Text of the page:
What Went Wrong with Iowa State’s Offense vs. Northern Iowa?
While Northern Iowa often seems to play Iowa State well and even beat ISU as recently as 2016, the Iowa State Cyclones’ struggles against the Panthers to open the 2021 season with a narrow 16-10 victory are cause for some consternation. No, unlike Washington, which was ranked 20th in the AP, ISU did not lose to an FCS team, but no team ranked in the Top 10 of both the AP and Coaches polls should struggle to a six-point win over an FCS team.
Despite a couple of key missed tackles on UNI’s lone touchdown drive, the Cyclones’ defense did what it was supposed to do in holding UNI to just 10 points. However, the fact that Cyclones’ offense put its defense in a position where holding UNI to just 10 points was absolutely necessary to win the game is a bad look that left Big 12 fans wondering how an offense so loaded with experience and talent could have performed so poorly.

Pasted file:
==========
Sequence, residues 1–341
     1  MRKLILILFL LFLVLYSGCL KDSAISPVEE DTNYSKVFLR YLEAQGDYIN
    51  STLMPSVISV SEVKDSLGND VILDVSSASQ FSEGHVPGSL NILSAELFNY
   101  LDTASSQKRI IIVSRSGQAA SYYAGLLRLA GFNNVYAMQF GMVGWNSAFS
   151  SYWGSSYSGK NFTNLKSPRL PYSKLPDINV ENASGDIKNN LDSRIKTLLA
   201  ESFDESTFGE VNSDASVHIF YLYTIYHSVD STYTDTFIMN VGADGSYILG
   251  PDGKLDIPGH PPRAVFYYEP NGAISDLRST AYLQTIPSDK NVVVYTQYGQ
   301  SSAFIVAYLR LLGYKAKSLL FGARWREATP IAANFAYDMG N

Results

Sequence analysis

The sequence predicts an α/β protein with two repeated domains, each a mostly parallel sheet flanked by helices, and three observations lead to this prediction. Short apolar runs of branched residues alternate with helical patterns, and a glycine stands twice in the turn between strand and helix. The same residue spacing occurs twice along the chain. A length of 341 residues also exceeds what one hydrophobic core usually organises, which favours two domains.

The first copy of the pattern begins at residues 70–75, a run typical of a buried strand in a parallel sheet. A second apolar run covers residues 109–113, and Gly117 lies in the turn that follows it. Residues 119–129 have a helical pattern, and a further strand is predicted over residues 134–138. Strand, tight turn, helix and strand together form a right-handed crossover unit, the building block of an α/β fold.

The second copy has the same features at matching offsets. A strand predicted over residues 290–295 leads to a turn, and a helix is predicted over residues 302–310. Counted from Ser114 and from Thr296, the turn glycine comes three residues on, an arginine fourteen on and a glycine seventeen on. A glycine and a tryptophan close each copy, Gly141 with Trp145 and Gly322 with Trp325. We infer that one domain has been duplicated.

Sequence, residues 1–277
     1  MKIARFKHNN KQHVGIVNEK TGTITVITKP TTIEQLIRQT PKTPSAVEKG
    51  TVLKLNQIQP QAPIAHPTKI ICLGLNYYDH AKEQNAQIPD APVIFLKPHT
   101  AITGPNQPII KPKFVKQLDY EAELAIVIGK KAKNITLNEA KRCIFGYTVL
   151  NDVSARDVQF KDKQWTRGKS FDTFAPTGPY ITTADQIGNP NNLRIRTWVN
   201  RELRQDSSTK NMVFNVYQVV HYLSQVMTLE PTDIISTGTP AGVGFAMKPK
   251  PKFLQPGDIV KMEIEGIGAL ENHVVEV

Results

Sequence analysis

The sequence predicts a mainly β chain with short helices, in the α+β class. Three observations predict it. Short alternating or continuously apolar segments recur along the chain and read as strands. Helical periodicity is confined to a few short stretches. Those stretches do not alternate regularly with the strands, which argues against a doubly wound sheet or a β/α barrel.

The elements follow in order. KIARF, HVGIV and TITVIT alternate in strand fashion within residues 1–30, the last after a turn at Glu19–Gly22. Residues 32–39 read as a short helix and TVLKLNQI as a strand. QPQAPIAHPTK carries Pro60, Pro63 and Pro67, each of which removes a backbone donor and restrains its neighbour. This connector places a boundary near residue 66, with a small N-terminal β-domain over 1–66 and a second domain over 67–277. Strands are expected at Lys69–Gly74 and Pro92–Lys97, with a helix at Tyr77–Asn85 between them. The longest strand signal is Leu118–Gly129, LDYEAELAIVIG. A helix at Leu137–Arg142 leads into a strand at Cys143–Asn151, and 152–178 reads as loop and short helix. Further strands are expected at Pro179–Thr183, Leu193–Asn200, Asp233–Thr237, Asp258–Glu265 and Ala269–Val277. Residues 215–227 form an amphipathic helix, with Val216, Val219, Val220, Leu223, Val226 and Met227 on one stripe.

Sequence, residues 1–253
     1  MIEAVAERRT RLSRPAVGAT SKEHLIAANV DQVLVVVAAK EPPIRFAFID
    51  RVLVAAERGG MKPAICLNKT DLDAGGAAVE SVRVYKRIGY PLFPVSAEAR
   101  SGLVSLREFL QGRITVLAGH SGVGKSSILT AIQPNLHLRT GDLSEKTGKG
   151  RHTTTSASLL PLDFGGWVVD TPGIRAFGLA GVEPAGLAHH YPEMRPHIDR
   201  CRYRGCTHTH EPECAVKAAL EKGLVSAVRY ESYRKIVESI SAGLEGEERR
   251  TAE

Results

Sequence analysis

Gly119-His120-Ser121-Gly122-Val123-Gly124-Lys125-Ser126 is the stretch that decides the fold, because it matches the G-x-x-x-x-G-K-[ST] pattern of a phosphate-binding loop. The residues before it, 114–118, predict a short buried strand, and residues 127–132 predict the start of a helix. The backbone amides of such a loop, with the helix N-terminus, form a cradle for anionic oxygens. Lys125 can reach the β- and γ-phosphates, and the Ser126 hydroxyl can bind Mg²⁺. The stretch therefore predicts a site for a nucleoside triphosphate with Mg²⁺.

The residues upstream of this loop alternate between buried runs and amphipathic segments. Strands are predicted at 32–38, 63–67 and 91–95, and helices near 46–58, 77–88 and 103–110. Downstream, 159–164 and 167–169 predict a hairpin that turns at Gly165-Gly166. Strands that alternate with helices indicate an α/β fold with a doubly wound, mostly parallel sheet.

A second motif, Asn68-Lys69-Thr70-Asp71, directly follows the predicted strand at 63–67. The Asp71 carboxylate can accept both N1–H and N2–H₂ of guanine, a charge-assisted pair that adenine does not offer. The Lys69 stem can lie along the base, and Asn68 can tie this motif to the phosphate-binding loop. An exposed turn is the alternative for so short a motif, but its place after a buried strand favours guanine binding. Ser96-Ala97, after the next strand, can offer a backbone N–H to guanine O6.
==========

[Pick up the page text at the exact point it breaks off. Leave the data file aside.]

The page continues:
Some of ISU’s struggles can be attributed to a handful of miscues. The Cyclones did not turn the ball over, but two fumbles out of bounds either put ISU behind on the chains or resulted in a 4th down. ISU only had four penalties on the day for 31 yards, all on offense, but those few penalties occurred at inopportune times and killed at least one drive.
However, zero turnovers and just four penalties hardly explains why a team that averaged just under 33 points per contest in 2020 opened 2021 with only 16 points against an FCS opponent.
The first thing I noticed just glancing over the Cyclones offensive stat sheet against Northern Iowa is how few players saw the field.
Rotation along the offensive line was nearly non-existent. Five wide receivers, led by Xavier Hutchinson, and three tight ends played, but it was the tight end who was unavailable, Charlie Kolar, that may have had the biggest impact on ISU’s performance as he is a good blocker and QB Brock Purdy’s favorite escape valve.
ISU has plenty of other experienced studs, however, and on day that should have seen the Cyclones reaching deep into their bench, they played their starters on almost every down. Running back Breece Hall, who led the NCAA in rushing yards last season, played 59 offensive snaps with Jirehl Brock getting just two carries.
Breece’s Bad Day
While it makes sense to want your stud running back in the game, the play-calling in the first quarter only gave Hall two carries. By the end of the day, he had 23 carries for 69 yards, a dismal 3 yards per carry.